Microsoft Office Tutorials and References
In Depth Information
Cut and Paste, Digital Style
Transpose (T): Excel changes the orientation of the pasted entries.
For example, if the original cells’ entries run down the rows of a single
column of the worksheet, the transposed pasted entries will run across
the columns of a single row.
Values (V): Excel pastes only the calculated results of any formulas in
the source cell range.
Values & Number Formatting (A): Excel pastes the calculated results of
any formulas along with all the formatting assigned to the labels, values,
and formulas in the source cell range into the destination range. This
means that all the labels and values in the destination range appear
formatted just like the source range, even though all the original formulas
are lost and only the calculated values are retained.
Values & Source Formatting (E): Excel pastes the calculated results of
any formulas along with all formatting assigned to the source cell range.
Formatting (R): Excel pastes only the formatting (and not the entries)
copied from the source cell range to the destination range.
Paste Link (N): Excel creates linking formulas in the destination range
so that any changes that you make to the entries in cells in the source
range are immediately brought forward and reflected in the
corresponding cells of the destination range.
Picture (U): Excel pastes only the pictures in the copied cell selection.
Linked Picture (I): Excel pastes a link to the pictures in the copied cell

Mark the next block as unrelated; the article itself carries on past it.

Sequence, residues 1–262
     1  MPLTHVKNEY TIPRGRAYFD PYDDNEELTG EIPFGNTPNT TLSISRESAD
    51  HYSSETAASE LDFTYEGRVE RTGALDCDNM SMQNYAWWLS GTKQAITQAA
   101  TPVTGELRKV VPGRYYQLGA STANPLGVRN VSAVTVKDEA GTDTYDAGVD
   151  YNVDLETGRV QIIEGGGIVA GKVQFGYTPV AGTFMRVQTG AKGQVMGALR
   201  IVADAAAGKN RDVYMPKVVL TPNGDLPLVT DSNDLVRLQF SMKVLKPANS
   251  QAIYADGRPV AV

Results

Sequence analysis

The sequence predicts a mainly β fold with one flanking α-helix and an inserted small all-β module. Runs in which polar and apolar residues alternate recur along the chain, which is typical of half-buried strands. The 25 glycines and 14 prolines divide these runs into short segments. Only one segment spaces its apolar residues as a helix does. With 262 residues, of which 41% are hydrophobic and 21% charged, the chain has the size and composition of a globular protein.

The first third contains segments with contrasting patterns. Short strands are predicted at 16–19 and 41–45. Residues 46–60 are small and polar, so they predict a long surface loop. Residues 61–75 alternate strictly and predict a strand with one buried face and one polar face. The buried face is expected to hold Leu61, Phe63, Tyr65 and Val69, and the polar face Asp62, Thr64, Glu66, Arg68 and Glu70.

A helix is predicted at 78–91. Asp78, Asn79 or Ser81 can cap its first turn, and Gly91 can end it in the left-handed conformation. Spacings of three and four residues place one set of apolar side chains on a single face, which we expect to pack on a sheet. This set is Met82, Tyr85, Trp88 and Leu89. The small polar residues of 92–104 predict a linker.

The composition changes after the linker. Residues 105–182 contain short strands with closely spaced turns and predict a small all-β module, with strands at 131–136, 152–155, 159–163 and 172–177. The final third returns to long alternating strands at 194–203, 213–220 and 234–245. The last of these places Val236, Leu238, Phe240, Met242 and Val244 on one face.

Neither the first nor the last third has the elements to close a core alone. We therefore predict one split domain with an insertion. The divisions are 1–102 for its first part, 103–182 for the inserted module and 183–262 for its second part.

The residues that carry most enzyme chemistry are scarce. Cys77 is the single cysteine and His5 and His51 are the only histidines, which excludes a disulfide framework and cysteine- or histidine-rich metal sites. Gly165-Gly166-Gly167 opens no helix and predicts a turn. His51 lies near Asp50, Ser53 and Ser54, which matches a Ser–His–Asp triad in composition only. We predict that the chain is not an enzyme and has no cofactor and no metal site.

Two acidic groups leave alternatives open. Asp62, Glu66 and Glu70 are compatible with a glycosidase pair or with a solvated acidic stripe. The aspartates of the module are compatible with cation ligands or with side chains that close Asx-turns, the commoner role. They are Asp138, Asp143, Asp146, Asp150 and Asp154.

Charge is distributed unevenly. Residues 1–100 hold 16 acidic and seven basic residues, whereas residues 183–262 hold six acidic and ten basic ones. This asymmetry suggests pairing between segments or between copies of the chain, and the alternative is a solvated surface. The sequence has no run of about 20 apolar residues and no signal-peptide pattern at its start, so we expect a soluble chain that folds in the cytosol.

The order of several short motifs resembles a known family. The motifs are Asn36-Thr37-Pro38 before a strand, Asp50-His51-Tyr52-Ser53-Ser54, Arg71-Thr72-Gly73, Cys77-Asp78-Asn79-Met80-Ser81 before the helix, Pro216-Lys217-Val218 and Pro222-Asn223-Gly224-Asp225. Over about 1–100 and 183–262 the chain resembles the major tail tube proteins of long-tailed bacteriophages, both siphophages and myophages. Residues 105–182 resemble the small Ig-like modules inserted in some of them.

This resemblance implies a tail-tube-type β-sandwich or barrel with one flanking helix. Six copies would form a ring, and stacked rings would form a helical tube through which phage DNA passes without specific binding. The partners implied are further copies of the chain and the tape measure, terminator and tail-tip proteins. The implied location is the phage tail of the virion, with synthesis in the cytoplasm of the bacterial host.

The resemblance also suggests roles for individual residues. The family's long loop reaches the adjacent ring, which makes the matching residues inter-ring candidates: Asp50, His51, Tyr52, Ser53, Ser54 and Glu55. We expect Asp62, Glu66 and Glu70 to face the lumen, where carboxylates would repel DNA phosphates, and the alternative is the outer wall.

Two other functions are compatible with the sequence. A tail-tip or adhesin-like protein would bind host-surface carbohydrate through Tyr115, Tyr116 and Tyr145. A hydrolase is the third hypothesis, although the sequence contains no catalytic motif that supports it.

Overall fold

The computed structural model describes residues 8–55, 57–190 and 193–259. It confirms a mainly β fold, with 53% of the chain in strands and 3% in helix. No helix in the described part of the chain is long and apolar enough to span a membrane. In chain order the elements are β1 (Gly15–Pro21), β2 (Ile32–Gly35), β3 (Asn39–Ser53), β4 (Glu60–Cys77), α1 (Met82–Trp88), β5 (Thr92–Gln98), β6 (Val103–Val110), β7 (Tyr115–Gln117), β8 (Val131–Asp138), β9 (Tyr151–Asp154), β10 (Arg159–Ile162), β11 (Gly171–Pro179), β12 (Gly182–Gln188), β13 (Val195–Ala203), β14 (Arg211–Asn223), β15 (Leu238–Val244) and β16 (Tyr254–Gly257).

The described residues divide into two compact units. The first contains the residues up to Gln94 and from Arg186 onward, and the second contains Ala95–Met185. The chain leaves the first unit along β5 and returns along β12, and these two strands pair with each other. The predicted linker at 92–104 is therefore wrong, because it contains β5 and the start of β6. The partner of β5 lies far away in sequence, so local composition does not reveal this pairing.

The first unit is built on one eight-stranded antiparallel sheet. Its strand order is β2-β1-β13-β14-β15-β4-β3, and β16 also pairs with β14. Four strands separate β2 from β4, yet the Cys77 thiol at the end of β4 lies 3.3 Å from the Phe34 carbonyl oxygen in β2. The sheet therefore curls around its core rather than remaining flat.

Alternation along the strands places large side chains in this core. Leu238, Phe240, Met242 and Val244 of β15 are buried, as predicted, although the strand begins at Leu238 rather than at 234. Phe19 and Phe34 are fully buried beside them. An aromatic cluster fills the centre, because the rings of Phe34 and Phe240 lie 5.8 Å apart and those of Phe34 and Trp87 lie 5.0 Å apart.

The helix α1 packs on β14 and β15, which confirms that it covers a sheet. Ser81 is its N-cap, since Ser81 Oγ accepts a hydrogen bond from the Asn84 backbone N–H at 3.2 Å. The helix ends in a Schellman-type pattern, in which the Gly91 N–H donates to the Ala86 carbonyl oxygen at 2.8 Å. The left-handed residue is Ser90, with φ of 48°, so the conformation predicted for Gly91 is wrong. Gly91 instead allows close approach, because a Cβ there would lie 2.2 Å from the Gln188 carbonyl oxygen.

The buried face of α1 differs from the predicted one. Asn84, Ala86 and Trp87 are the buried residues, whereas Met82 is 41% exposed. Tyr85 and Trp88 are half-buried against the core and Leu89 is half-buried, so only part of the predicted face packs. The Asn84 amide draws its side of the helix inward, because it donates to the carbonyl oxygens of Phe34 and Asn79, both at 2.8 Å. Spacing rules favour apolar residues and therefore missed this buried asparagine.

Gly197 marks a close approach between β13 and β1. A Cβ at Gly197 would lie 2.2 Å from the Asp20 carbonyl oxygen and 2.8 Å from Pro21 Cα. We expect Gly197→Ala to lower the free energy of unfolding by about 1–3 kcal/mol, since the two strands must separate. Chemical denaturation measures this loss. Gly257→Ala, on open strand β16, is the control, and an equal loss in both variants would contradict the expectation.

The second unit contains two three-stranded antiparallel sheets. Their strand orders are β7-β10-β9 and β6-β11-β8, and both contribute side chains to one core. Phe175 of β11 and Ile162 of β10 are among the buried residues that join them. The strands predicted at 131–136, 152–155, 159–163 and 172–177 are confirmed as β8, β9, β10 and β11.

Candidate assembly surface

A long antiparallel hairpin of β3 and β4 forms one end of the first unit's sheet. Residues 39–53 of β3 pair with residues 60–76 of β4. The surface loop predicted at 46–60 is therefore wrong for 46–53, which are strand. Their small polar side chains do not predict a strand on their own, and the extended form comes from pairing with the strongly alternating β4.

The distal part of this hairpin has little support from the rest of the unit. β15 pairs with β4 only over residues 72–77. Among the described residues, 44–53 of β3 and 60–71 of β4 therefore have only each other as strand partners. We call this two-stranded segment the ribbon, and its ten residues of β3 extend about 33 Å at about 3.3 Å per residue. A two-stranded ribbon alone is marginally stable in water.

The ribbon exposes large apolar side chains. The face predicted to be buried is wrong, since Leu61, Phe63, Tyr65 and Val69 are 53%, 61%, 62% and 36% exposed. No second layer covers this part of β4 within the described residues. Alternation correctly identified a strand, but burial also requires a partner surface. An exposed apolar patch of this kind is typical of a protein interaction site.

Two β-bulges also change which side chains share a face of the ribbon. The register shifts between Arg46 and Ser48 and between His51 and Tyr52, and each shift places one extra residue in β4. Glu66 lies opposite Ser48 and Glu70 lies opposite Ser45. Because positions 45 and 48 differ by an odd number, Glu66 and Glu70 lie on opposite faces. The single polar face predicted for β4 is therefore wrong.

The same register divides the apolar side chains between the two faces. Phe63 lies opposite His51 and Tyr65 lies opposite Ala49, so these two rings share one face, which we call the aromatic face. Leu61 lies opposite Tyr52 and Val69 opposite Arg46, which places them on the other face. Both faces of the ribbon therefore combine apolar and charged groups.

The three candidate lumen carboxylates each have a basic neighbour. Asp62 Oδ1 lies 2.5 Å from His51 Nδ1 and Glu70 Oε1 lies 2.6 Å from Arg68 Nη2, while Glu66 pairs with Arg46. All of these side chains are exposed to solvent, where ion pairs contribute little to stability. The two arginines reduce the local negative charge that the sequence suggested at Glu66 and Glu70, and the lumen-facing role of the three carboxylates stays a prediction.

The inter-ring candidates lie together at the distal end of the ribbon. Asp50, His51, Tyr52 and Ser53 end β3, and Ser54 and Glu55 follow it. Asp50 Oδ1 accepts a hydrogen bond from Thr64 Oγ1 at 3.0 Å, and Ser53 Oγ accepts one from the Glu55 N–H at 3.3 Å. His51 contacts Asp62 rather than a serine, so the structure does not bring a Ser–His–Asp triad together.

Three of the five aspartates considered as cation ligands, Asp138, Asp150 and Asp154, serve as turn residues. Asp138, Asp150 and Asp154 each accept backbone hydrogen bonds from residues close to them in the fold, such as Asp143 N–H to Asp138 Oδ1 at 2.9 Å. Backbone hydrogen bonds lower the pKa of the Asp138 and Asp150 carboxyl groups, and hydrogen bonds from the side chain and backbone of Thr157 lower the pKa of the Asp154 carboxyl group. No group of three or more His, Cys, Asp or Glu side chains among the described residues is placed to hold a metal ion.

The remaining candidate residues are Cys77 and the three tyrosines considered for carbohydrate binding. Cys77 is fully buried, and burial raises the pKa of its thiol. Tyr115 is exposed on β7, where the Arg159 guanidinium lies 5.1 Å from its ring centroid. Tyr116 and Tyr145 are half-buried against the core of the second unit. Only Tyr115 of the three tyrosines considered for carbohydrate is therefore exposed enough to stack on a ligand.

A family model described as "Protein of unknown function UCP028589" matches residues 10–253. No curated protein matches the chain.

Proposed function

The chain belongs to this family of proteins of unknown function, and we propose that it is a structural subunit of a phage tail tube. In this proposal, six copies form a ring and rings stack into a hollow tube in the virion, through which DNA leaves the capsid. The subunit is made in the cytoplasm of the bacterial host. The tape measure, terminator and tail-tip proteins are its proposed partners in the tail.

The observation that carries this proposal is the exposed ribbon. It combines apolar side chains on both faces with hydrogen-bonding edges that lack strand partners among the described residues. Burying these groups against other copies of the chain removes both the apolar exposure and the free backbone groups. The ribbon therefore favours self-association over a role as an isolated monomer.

The options that appear on the Paste Options palette are context sensitive.
This means that the particular paste options available on the palette depend
directly upon the type of cell entries previously copied to the Office Clipboard.
Additionally, you can access this same palette of paste options by clicking the
drop-down button that appears directly beneath the Paste button on the Ribbon
instead of clicking the Paste Options button that appears at the end of the
pasted range in the worksheet or pressing the Ctrl key on your keyboard.
Paste it from the Clipboard task pane
The Clipboard can store multiple cuts and copies from any program running
under Windows (not just Excel). In Excel, this means that you can continue to
paste stuff from the Clipboard into a workbook even after finishing a move or
copy operation (even when you do so by pressing the Enter key rather than
using the Paste command).
To open the Clipboard in its own task pane to the immediate left of the
Worksheet area (see Figure 4-10), click the Dialog Box launcher in the
lowerright corner of the Clipboard group on the Ribbon’s Home tab.
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